Although there is no formal definition, the UK government recognises a mountain to be any peak greater than 2000ft, of which well over 100 exist within the UK.
And given the vastness of the great Brecon Beacons and Snowdonia national parks, you might expect Wales to be home to a fair chunk of them. But it’s not. It has just eight.
The two most famous are the 2907ft Pen y Fan, which lies south-west of Brecon, and the 3560ft Snowdon, the highest in respectively the south and north of the country.
Handily for a hack looking for a hook to a story about two huge, powerful cars, the route between these two huge, powerful peaks takes in some of the best driving roads in this or any other country in our still intact United Kingdom.
The Bentley Continental GT you will know, for it has been a fairly frequent presence on these pages since its launch in 2003, and despite being regularly and at least once comprehensively updated on the way, it remains essentially the same car.
The 6.0-litre twin-turbo W12 motor powering this Speed version isn’t that much changed, either. Yes, its power output has been tickled up by another 10bhp to 626bhp, but given that this engine developed 552bhp in basic form upon introduction over a decade ago, that’s not such a leap.
Then again, and for these purposes at least, there’s some benefit to its consistency, for its role here is the provide the benchmark for the other car now pulling into the car park opposite the Storey Arms on the A470, the start point for most hikers on their way up Pen y Fan.
That car is, of course, the Mercedes-Benz S-class coupé, perhaps better known as the replacement for the CL. In S63 AMG guise as tested here, its 5.5-litre twin-turbo V8 has a trifling 577bhp but, lacking the Bentley’s four-wheel drive hardware, it weighs a quarter of a tonne less despite being both longer and taller.
The upshot is a fractional power-to-weight advantage to Mercedes that would matter little were it not backed by a monstrous torque-to-weight advantage, too. The Speed is Bentley’s fastest road car yet and it looks likely to be blown to dust by a Mercedes based on a pre-existing saloon with a smaller engine and fewer cylinders.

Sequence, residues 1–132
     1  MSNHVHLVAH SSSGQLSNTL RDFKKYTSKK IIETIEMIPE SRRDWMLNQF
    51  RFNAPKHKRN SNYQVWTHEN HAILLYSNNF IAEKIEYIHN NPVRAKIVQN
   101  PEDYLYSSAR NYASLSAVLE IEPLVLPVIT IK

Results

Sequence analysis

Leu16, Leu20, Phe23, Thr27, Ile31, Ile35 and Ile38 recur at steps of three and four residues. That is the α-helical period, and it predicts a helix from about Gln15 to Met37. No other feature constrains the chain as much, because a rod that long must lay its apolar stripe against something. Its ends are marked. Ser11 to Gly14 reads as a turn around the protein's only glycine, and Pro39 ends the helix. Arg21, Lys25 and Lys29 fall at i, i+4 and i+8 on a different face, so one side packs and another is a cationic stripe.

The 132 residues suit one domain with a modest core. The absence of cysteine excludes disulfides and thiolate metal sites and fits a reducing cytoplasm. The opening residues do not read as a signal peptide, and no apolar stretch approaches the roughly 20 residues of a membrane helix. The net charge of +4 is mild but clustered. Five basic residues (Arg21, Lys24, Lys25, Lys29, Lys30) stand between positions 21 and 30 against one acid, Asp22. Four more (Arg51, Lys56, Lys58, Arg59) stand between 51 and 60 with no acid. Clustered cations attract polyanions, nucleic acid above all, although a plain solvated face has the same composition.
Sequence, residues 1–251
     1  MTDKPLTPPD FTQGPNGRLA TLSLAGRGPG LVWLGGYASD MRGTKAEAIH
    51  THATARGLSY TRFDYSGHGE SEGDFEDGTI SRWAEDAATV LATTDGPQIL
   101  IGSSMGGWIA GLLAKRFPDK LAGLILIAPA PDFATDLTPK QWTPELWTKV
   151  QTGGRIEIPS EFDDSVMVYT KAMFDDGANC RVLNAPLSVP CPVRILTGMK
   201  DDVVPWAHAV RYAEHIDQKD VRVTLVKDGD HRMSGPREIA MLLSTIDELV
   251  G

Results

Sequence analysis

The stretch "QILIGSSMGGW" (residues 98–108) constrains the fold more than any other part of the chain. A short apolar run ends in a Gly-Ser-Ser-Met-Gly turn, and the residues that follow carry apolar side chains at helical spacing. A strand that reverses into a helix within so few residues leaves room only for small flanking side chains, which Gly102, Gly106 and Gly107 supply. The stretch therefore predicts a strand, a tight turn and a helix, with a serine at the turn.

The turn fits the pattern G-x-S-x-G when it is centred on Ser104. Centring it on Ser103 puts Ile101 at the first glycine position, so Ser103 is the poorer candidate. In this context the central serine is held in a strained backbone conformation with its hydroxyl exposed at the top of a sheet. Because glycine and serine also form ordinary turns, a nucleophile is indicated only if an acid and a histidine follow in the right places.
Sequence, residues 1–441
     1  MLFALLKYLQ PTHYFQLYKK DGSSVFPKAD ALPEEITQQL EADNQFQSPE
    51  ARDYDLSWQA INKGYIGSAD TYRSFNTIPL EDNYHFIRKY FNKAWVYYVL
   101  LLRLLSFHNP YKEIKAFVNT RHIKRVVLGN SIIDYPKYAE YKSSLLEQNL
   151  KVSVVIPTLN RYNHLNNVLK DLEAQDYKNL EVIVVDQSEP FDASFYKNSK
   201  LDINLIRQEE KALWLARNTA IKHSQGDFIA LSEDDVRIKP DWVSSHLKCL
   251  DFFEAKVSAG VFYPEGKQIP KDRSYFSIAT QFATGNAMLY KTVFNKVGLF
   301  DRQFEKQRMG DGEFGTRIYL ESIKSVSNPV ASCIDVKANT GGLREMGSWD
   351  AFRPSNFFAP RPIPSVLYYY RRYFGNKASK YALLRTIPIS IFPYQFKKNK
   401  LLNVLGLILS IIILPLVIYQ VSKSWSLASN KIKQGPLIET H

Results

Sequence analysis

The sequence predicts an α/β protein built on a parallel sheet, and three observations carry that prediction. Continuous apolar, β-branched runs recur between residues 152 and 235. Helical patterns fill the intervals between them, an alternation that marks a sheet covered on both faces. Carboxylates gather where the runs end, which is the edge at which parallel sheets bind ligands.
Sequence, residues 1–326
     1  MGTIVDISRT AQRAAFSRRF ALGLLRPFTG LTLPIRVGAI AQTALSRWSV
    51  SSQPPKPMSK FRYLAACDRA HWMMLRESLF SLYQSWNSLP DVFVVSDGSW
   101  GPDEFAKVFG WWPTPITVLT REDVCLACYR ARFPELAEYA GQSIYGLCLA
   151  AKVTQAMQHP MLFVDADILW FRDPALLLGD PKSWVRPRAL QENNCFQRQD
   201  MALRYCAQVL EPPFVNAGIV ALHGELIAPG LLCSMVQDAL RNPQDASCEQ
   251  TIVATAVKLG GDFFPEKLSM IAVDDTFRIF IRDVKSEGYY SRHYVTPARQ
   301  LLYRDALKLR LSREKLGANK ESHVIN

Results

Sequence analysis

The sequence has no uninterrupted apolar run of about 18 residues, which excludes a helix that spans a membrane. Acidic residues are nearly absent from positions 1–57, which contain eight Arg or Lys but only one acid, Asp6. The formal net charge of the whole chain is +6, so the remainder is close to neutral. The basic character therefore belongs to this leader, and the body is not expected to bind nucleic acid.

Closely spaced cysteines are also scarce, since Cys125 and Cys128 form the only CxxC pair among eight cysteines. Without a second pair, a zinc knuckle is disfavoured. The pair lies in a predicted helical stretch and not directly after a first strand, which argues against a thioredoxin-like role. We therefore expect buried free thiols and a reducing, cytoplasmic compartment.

The price differential between them makes painful reading, too, for Bentley fans. At £156,700, the Speed costs over £30,000 more than its rival, money that the Merc buyer could spend speccing his car to the nines or just buying a brand-new Lotus Elise for a bit of fun on the side.
And I can think of no other two-door car, save a Rolls-Royce Wraith, capable of making the Bentley look so small. But it does: the Mercedes coupé might sit on a shorter wheelbase than an S-class saloon but it still logs in at well over five metres in length, longer even than four-door rivals such as the Porsche Panamera and Aston Martin Rapide S. Its lines flow beautifully, but next to it, the Bentley looks taut, compact and purposeful.
Technologically, it is to the Bentley as a super-computer is to an abacus. Were the roads not so winding, a passenger could have happily whiled away the entire journey from south to north trying to figure out the full range of its functionality and still found work to do at journey’s end.
This is a car that uses cameras as eyes to control the suspension, the cruise control and even the steering – on the motorway, it really will drive itself. Tick the right boxes on the options sheet and you can have a seat with a longer list of massages than a five-star Bangkok hotel and a Burmester music system with more controls than an Abbey Road mixing desk.